Since the use of pepper gas and concussion grenades to disperse protesters near Reno City Hall on May 30, calls to release the details of the officer-involved shooting death of Miciah Lee have grown louder - photo: Brian Bahouth/The Ally

When a Sparks police officer shot and killed Miciah Lee in early January of this year, like with any officer-involved shooting [OIS], a chain of detailed and carefully proscribed events were set in motion.

Public facts surrounding the case are scant. According to an Associated Press report, on the evening of January 6 of this year, Sparks Police Department officers responded to a report of a suicidal man armed with a gun on the 1000 block of Rock Boulevard. Police said by the time they arrived, Miciah Lee, an 18-year-old black man, had taken off in his car.

Sparks police officers pursued him and said Lee refused to stop. According to the AP report, Lee ultimately crashed his car. When officers approached, according to the Associated Press, Lee reached for a gun, and police officers shot him.

Whether the victim of an OIS lives or dies, Washoe County Sheriffs, Reno and Sparks police, and the Washoe County District Attorney work together to investigate the incident. There is no other mandated oversight.

According to the Washoe County Officer-Involved Shooting Protocol, because a Sparks police officer shot Miciah Lee, the OIS investigation team cannot be from the Sparks Police Department; therefore, the Reno Police Department conducted the Miciah Lee investigation.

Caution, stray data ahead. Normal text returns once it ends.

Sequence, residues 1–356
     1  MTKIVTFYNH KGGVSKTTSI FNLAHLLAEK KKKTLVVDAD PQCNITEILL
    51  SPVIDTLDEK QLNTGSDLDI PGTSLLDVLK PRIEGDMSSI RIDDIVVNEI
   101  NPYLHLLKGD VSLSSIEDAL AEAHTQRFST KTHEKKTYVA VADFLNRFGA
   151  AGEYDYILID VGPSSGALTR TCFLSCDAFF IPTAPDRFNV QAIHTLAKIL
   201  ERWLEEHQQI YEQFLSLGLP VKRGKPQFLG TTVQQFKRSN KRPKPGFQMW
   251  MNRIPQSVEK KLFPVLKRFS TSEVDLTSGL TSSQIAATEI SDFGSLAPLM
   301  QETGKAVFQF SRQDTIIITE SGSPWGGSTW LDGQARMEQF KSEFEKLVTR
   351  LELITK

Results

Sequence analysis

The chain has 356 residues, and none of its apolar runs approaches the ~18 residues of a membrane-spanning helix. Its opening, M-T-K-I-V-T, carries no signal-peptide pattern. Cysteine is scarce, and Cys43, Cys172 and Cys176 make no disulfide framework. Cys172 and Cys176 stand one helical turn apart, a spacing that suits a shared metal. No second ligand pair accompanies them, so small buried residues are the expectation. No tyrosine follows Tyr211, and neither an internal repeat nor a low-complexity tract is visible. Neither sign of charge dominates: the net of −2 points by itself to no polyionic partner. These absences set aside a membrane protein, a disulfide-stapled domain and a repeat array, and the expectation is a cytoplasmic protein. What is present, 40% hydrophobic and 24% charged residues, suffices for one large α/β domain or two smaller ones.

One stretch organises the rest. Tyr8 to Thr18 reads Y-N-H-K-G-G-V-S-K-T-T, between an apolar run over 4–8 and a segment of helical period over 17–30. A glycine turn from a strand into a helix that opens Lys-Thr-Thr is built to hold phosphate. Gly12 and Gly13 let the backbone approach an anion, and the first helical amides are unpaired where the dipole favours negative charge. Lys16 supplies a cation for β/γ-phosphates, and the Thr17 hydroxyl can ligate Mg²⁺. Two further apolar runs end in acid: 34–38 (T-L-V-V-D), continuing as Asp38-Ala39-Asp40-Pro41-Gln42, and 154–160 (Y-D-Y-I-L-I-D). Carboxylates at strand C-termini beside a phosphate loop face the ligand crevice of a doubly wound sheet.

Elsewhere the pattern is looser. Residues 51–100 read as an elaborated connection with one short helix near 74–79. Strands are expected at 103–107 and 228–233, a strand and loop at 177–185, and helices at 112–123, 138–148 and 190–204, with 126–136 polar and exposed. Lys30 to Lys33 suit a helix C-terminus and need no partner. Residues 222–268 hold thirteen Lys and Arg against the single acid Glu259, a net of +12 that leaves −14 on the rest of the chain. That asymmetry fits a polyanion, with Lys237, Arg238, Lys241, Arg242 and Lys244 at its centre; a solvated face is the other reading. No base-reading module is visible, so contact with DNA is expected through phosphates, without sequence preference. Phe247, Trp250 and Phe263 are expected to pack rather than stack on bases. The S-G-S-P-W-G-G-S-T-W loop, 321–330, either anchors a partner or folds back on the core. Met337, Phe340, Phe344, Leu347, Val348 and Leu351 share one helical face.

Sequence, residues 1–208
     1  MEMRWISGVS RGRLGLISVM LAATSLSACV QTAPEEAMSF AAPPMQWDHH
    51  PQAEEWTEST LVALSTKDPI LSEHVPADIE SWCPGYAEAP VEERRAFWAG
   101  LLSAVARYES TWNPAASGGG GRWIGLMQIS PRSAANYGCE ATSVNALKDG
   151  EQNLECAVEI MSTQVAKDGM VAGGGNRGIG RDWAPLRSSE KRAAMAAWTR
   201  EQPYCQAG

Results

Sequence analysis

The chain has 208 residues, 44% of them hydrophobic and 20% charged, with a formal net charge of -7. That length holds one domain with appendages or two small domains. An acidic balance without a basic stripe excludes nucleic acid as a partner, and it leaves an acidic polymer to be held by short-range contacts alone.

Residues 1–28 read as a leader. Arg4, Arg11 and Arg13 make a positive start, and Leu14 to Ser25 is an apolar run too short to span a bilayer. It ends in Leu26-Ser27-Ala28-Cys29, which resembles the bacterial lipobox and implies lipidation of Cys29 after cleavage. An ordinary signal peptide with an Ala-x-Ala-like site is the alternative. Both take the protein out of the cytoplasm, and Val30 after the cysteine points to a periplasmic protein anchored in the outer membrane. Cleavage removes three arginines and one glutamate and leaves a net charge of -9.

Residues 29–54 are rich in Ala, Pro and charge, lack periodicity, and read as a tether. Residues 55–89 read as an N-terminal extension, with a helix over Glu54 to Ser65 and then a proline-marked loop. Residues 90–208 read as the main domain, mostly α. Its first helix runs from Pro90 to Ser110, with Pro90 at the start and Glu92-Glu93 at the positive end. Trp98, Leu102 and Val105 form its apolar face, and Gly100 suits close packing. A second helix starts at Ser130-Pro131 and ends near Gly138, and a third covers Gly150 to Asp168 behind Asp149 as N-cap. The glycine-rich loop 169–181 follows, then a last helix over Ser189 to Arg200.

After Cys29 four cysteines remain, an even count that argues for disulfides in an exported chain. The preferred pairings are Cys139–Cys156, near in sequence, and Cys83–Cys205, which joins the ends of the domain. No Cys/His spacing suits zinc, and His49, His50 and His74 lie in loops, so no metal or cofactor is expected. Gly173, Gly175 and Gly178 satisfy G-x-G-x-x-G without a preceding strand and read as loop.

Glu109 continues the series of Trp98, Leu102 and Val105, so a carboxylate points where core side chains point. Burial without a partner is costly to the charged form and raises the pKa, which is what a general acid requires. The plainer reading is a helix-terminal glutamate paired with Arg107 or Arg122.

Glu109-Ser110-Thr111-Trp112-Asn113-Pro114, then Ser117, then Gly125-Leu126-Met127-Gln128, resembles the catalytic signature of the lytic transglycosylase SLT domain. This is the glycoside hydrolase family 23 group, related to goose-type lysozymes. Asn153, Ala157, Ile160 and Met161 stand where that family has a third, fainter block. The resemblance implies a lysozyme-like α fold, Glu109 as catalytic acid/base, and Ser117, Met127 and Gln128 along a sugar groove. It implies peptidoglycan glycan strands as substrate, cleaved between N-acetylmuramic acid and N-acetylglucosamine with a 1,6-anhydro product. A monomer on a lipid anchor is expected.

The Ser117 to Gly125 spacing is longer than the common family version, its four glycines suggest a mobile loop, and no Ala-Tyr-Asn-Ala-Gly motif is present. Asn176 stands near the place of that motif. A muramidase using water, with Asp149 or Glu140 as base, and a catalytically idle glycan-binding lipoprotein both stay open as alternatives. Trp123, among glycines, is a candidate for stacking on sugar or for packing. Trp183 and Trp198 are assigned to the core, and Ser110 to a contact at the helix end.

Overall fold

As with all OIS cases, a forensic investigation team assessed the shooting scene in consultation with the Washoe County District Attorney’s Office. According to the protocol, it is strongly recommended that OIS team members are selected for having significant experience in investigations of homicide or other violent felonies.

The OIS team conducts an interview of the officer. The officer has the constitutional right to not answer questions and have an attorney present during questioning.

Investigators interview witnesses and compile physical and other evidence.

According to Washoe County District Attorney’s Office spokesperson Michelle Bays, an OIS report can be thousands of pages in length, along with physical evidence.

Bays said that the District Attorney received the Miciah Lee investigation report from the Reno Police Department in early May.

Washoe County District Attorney Christopher Hicks is evaluating the report to determine if the shooting was justifiable pursuant to the state’s homicide laws, and all other applicable provisions of law.

Bays said OIS case evaluations typically take several weeks to complete unless additional investigation is needed. Staff workload and novel coronavirus-related work circumstances can also affect the time needed to make a fully measured decision.

The conclusion of the Miciah Lee OIS case is expected over the next few weeks.

“An approximate time frame for this case would be several weeks from now, and we would of course notify the family and allow time to meet with them before releasing anything to the public,” Bays wrote in an email.

Once an OIS case has been closed, a full report is made available online.

Since February 3, 2016, there have been 20 officer-involved shootings in the Reno, Sparks, Washoe County region.

Brian Bahouth is the editor of the Sierra Nevada Ally. He has been a public media journalist since 1994 and has lived in Reno since 2000. He first came to northern Nevada to be news director at KUNR, Reno Public Radio and has subsequently filed scores of reports for National Public Radio, Nevada Public Radio, Capital Public Radio and KVMR in Nevada City, California. He is co-founder of KNVC community radio in Carson City. Support his work.